Category Archives: Social psychology
This particular idiom has its origins from the Bible but despite these religious beginnings many people, including those without religious beliefs, use the saying, ‘it is better to give than to receive’. The phrase itself is pretty self-explanatory and is often thrown about at Christmas time, particularly to small children, to emphasise the importance of giving presents rather than trying to ensure that they get everything they want on their Christmas list. I can still vividly remember the first time I experienced the truth behind this saying. It was a Christmas many years ago and I had made my mum what I believed to be a truly incredible Christmas present, whether or not it was is beside the point! Had I been given the choice between giving it to her and receiving my present I would have gone for the former, no questions asked (a sentiment nicely portrayed in last year’s John Lewis Christmas advert).
The question of interest here is whether there is any evidence to show that we do in fact feel better when giving than receiving and if so, why that might be. A recent study by Aknin, Hamlin and Dunn looked at these pro-social acts in toddlers. They did indeed find that toddlers were happier when giving treats to others rather than receiving the treats, which extended to costly giving when they forfeited their own treat. The authors suggest that this emotionally rewarding behaviour is a proximate mechanism for human co-operation in the groups that we are part of.
An earlier study looked at the effect of income on happiness and found that how we spend our money could be at least as important as our income itself. Dunn, Aknin and Norton found that, regardless of income, spending more of it on others made you feel happier and that people randomly assigned to spend money on others felt happier than those who were assigned to spend it on themselves. So, not only do we feel happier when we give things rather than receiving them but this appears to start at a young age, possibly as a way of maintaining human co-operation.
However, this is assuming that the phrase means ‘better’ is equivalent to ‘happier’ though this is perhaps up for interpretation. Some people use the word in this context to mean virtuous and morally good which in turn seems to imply that you’re not doing it for your own (selfish) benefit of feeling happier. Our preference to give presents and the like, instead of receive them, is because this behaviour makes us feel happy which isn’t virtuous in the traditional sense as it’s for our own benefit. So I do agree with this phrase, that it is better to give than to receive, even if that’s only because it will make us feel happier by doing so.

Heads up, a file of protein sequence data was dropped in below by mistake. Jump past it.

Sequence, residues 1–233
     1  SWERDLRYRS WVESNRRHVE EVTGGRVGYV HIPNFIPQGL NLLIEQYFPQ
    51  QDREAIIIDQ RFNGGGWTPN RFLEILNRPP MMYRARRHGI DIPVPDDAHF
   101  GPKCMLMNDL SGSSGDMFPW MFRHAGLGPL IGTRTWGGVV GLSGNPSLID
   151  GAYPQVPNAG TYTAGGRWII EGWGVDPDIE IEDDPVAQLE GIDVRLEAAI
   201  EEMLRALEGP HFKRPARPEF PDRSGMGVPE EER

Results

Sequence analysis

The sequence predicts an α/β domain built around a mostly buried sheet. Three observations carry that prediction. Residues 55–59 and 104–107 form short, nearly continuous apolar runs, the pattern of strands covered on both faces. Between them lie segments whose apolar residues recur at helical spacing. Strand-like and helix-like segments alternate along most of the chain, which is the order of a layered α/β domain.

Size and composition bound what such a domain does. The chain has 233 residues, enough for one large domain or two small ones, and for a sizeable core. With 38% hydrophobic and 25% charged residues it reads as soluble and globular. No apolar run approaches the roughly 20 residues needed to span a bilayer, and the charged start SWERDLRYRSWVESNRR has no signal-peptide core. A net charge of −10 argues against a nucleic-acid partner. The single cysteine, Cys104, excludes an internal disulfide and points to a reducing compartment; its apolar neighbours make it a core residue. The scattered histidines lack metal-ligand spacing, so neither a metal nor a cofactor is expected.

‘Beauty is only skin deep’ is an idiom used to imply that a person’s character is more important than their physical appearance. The phrase also suggests that beauty refers to physical attractiveness alone, which is only skin deep, and that someone’s beauty and character are not related.Few people would deny that physical attractiveness has a role to play in the early stages of a relationship or just in initial attraction. The importance of physical attractiveness in new relationships has been demonstrated by Walster et al. (1966). They randomly paired men and women for a blind date and measured intelligence, various personality factors and physical attractiveness (decided by four independent judges). They found that only physical attractiveness predicted whether they would want to go out on a second date.
However, this is only in the early stages of meeting someone in which, you could argue, that physical attractiveness is all you can really tell about a person. So does this feature of ourselves also determine how attractive we are and how we are perceived after we’ve known someone for a long time. McNulkty et al. (2008) found that physical attractiveness does also predict the success of marriages to a certain extent. Husbands, who were considered more physically attractive than their wives, reported lower levels of marital satisfaction. Also, relative differences between partners’ levels of attractiveness was important in predicting marital behaviour whereby when the wife was more attractive, both spouses behaved more positively though when the husband was more attractive, they both behaved more negatively in their relationships. This suggests that physical attractiveness is not only important in predicting the success of new relationships but that relative physical attractiveness also plays a role in the success of long-term relationships.